'May we barter for rice?': Creative precarity and the re-militarization of Indonesia borderlands in Borneo

A Development Research seminar with Dave Lumenta
Researcher

Dave Lumenta

Scholar and artist. His research interests include research and artistic collaboration with refugees in Jakarta and historical and contemporary ethnography of Indonesia’s borderlands.

Find out more about Dave Lumenta
Date
Tuesday 6 Dec 2022, 16:30 - 17:30
Type
Performance
Spoken Language
English
Room
Aula A
Location
International Institute of Social Studies
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Dave Lumenta

In this special Development Research Seminar Dave Lumenta investigates the militarization in Borneo’s borderlands.

Indonesia has for the last fifteen years re-established its military presence in the borderlands. The independence of Timor Leste in 1999 coupled with the loss of Indonesia’s claim over the Sipadan and Ligitan islands in 2002 has reinvigorated ideological anxieties over Indonesia’s fragile territorial geobody. This resulted in the re-militarization of Indonesia’s borderlands since 2007.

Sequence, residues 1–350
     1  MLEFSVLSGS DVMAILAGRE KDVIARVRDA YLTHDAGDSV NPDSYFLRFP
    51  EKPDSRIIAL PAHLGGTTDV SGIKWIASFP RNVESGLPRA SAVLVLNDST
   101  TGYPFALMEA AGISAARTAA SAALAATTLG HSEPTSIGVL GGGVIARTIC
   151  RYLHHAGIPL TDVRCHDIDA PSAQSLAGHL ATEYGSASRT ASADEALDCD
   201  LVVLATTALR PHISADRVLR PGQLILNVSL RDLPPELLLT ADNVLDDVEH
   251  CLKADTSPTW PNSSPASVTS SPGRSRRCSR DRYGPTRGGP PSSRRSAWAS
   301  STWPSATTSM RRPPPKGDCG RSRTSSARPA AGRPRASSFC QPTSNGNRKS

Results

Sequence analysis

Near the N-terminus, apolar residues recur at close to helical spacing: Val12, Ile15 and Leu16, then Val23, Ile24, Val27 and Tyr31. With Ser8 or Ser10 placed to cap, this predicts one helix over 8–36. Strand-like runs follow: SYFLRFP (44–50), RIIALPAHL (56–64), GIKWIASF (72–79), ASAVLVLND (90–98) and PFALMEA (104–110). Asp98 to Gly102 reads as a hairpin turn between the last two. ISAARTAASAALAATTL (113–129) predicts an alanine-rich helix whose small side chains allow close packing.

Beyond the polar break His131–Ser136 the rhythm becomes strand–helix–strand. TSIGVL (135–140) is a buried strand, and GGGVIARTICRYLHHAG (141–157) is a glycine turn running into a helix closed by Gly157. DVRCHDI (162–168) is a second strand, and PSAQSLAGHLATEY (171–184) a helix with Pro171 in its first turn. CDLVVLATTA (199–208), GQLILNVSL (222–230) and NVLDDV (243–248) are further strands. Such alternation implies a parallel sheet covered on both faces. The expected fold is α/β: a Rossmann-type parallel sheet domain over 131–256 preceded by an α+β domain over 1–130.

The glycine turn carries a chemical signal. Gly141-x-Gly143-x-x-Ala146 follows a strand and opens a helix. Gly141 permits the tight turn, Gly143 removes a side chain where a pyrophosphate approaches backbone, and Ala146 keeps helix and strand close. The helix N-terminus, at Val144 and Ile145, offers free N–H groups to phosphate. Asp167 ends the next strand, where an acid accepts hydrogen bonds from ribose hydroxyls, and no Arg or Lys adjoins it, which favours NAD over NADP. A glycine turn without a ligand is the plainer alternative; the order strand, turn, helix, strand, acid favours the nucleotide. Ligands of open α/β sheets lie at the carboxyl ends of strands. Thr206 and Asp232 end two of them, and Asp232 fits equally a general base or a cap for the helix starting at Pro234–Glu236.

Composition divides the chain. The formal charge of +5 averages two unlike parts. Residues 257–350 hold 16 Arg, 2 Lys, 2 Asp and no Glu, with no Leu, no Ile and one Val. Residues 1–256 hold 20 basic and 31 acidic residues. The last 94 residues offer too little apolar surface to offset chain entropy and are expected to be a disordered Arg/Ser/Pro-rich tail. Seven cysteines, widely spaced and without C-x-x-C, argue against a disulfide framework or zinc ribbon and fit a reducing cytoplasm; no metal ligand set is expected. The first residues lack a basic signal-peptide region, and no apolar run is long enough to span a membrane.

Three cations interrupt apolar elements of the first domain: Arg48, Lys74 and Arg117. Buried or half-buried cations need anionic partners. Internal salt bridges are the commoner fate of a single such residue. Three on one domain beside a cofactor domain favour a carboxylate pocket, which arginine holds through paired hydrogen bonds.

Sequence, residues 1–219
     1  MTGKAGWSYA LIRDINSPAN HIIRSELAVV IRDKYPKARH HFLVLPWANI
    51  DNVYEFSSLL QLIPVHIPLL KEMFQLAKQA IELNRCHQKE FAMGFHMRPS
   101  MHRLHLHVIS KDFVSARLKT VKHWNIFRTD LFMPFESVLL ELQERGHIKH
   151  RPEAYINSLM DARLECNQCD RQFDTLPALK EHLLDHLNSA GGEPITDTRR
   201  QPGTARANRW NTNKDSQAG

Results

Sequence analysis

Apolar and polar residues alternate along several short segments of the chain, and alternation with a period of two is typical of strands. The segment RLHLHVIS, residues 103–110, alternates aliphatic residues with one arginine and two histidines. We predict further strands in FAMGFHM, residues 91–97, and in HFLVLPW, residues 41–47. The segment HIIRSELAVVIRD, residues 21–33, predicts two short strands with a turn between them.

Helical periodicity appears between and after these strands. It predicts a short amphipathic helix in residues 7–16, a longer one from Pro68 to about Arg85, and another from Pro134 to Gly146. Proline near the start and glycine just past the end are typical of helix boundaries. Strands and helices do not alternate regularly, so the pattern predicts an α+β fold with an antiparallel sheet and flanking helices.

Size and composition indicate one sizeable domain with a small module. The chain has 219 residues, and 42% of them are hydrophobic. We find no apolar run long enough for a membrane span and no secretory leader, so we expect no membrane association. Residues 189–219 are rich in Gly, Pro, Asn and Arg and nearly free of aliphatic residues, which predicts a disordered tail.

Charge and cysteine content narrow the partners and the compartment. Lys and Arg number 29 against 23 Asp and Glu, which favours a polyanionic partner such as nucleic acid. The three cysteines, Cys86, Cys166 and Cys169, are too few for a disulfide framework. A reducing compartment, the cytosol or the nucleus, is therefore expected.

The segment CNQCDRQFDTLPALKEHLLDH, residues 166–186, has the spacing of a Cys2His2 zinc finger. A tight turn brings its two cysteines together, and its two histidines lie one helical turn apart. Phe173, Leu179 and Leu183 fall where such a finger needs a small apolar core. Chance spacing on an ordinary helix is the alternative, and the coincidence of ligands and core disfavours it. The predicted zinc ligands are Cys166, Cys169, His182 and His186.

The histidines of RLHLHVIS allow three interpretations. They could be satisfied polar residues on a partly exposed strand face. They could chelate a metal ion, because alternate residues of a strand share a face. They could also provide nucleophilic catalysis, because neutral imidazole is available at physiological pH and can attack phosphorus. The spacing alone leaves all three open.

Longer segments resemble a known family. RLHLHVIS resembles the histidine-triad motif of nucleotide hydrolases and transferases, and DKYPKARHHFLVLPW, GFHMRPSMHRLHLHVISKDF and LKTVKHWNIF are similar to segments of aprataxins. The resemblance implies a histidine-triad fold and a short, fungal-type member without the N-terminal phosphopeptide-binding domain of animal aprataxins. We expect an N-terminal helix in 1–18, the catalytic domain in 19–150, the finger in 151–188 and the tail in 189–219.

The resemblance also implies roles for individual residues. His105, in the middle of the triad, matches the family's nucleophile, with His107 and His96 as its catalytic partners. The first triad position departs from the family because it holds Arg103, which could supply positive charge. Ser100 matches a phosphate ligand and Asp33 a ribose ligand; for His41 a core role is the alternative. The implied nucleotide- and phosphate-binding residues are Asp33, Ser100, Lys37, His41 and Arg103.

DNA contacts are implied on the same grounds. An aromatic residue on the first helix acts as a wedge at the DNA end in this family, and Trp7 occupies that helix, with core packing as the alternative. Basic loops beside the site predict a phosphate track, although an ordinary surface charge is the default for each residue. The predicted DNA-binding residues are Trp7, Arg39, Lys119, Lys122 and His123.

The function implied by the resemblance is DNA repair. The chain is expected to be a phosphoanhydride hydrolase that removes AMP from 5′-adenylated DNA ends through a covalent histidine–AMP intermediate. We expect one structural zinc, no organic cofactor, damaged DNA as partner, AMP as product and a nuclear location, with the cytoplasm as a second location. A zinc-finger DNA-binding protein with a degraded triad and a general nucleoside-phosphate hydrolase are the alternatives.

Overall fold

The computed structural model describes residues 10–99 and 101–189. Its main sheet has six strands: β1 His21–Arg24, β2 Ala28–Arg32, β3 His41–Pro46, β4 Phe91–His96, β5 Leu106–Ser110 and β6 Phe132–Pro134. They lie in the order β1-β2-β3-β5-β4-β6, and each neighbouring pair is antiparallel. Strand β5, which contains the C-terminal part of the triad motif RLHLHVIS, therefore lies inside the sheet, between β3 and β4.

Despite the lack of guerrilla activities since 1976, coupled with the fluid and porous nature of the borderlands between Indonesia and the Malaysian states of Sarawak and Sabah in Borneo, the recent borderland crisis, arguably manufactured by institutional budgetary motives, places the military personnel on site in conflicting positions.

While being officially tasked to guard the territorial integrity of the nation-state, the difficult logistical conditions in Borneo’s remote interior has driven many military personnel towards various ‘illegal but licit’ activities, copying the borderland habitus of the local populace, in overcoming their precarious presence in the borderlands.

This study is positioned to complement the social history of militarization in Borneo’s borderlands.

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The Development Research seminars present cutting-edge research on development studies by noted scholars from around the world. The Series aims to stimulate critical discussion about contemporary development issues.

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